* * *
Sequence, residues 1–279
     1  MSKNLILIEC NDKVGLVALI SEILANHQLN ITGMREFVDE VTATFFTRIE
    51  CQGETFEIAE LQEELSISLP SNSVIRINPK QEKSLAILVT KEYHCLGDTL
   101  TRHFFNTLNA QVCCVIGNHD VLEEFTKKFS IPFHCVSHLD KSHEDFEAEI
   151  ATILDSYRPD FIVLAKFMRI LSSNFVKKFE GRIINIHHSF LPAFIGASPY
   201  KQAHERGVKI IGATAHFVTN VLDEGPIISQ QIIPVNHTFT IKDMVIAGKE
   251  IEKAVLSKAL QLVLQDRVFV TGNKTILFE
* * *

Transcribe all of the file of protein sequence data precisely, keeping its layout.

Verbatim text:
Sequence, residues 1–279
     1  MSKNLILIEC NDKVGLVALI SEILANHQLN ITGMREFVDE VTATFFTRIE
    51  CQGETFEIAE LQEELSISLP SNSVIRINPK QEKSLAILVT KEYHCLGDTL
   101  TRHFFNTLNA QVCCVIGNHD VLEEFTKKFS IPFHCVSHLD KSHEDFEAEI
   151  ATILDSYRPD FIVLAKFMRI LSSNFVKKFE GRIINIHHSF LPAFIGASPY
   201  KQAHERGVKI IGATAHFVTN VLDEGPIISQ QIIPVNHTFT IKDMVIAGKE
   251  IEKAVLSKAL QLVLQDRVFV TGNKTILFE